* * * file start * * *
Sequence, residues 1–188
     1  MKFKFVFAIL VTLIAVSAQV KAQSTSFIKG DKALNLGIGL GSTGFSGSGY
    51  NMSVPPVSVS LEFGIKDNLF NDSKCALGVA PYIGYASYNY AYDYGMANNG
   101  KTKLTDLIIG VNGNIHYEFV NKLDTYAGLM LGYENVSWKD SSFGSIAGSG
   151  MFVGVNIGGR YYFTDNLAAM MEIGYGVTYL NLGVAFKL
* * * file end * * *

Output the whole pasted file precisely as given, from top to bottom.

Sequence, residues 1–188
     1  MKFKFVFAIL VTLIAVSAQV KAQSTSFIKG DKALNLGIGL GSTGFSGSGY
    51  NMSVPPVSVS LEFGIKDNLF NDSKCALGVA PYIGYASYNY AYDYGMANNG
   101  KTKLTDLIIG VNGNIHYEFV NKLDTYAGLM LGYENVSWKD SSFGSIAGSG
   151  MFVGVNIGGR YYFTDNLAAM MEIGYGVTYL NLGVAFKL